Brewed Protein™ polymer is highly versatile. It can be used to make materials that are as soft as cashmere and have the moisture-retention properties of wool, but it can also be processed into leather-like materials as well. Brewed Protein™ materials also have potential applications in the medical, industrial, and automotive industries, to name a few. What sector are you primarily targeting at this point in time, and what future applications do you see your materials being used in?

Brewed Protein™ filament (Source: Spiber Inc.)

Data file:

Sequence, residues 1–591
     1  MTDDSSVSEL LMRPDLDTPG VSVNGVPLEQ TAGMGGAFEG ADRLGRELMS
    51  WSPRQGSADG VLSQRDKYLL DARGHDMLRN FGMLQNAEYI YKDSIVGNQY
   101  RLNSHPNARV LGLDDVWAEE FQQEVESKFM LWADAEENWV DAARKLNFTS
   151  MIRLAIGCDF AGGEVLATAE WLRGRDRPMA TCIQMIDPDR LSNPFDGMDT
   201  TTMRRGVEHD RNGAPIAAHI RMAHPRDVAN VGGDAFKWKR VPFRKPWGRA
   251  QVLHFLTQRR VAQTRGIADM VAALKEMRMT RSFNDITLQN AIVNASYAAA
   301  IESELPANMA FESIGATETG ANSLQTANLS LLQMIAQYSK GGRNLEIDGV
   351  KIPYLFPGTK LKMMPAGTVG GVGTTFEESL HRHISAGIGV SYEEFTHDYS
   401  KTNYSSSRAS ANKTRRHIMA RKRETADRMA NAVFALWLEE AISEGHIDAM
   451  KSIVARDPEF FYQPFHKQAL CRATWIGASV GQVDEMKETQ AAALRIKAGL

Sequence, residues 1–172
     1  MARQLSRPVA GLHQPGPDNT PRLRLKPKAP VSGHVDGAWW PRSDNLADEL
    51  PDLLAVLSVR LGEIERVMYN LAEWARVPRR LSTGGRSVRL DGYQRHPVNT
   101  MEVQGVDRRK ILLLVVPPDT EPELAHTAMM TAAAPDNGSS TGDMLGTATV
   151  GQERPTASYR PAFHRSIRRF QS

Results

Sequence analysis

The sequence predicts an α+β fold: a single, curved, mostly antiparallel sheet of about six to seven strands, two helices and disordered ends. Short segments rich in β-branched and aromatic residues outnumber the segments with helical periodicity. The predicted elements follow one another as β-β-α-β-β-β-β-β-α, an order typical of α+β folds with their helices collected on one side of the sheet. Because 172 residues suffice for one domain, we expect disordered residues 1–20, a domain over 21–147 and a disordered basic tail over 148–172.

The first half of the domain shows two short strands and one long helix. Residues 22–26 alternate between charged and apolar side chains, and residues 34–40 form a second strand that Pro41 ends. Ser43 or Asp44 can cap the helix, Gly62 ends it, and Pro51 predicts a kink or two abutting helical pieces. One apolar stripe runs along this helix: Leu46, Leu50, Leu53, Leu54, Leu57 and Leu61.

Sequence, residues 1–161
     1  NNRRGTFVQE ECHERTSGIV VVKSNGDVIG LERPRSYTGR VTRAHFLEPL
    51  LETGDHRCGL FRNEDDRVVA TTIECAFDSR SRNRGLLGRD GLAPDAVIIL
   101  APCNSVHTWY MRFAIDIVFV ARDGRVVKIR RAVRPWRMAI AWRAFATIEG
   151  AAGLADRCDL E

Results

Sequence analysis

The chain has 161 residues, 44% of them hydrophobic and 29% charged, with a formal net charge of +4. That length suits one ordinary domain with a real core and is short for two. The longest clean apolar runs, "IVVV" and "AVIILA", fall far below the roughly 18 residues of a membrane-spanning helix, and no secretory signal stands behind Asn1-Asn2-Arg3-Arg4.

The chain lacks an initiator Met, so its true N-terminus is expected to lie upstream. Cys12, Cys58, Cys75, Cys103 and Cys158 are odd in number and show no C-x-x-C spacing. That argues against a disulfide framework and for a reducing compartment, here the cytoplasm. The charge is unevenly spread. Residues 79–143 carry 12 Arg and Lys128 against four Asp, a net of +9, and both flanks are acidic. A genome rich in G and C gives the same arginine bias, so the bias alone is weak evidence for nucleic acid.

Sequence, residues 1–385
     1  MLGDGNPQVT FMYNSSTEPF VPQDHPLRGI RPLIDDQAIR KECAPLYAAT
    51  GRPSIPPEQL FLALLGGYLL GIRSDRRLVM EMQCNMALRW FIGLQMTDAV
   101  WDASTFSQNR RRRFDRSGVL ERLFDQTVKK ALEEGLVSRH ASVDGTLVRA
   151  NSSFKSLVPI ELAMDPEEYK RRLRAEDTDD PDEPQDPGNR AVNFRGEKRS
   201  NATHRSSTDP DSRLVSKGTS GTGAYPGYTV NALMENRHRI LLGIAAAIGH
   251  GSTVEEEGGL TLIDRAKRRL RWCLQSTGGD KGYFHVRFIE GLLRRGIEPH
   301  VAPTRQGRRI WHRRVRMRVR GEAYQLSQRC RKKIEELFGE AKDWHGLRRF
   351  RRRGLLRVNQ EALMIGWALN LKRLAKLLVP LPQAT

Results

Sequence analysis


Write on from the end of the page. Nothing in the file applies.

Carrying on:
Over the short-term we are primarily targeting apparel applications due to the capacity for Brewed Protein™ materials to serve as a replacement for conventional options like wool, cashmere, and silk, which still see heavy use within the textile industry. The feature that most interests many applicants in the apparel industry is the fact that our products are animal-free, which allows us to address many well-known ethical and environmental concerns. In general, animal-based fibers such as cashmere, wool, and silk are associated with high greenhouse gas emissions caused by the process of raising the animals used to create them. In cashmere production, for example, the total amount of fibers one goat can produce is extremely limited. This means that the process of making cashmere fibers is much more resource consuming and environmentally damaging than a more efficient biotech process. As we move towards our goal of procuring 100% renewable energy for Spiber’s Thailand and U.S. plants, we believe that Brewed Protein™ materials can serve as a compelling alternative to these sorts of materials. Another pressing recent environmental issue is the increasing desertification in regions such as Mongolia, where most of the world’s cashmere is produced. Soil erosion and desertification caused in part by overgrazing and mass breeding of cashmere goats are causing the expansion of the Gobi Desert. In summary, Spiber is pursuing environmentally conscious endeavours to contribute to the elimination of the problems I’ve just mentioned. Our focus, therefore, is not simply on the creation of a new type of industrial materials, but rather on contributing to society and raising awareness of important environmental issues. The Brewed Protein™ fibres for apparel applications are designed to replace wool, silk, leather, fur, or any other animal-based materials. These days, most apparel companies choose between plant-derived, animal-derived, or petrochemical-derived materials for their clothing. At present, petrochemical-based materials are the most common choice, which inevitably leads to the depletion of petrochemical resources and the release of microplastics into marine ecosystems. These microplastics do not degrade easily, and accordingly their contamination of marine and soil environments becomes an ongoing and long-lasting problem. Furthermore, additives applied to petrochemical fibers to create anti-odour, anti-bacterial, sanitary, or softening properties may affect the environment when leaked, for example, from home washing machines into rivers, lakes, or the ocean. We believe that our Brewed Protein™ materials represent a compelling solution to this problem, as they have demonstrated biodegradability in marine environments and are also plant-derived, which avoids the ethical and environmental concerns posed by the utilisation of animal-derived materials.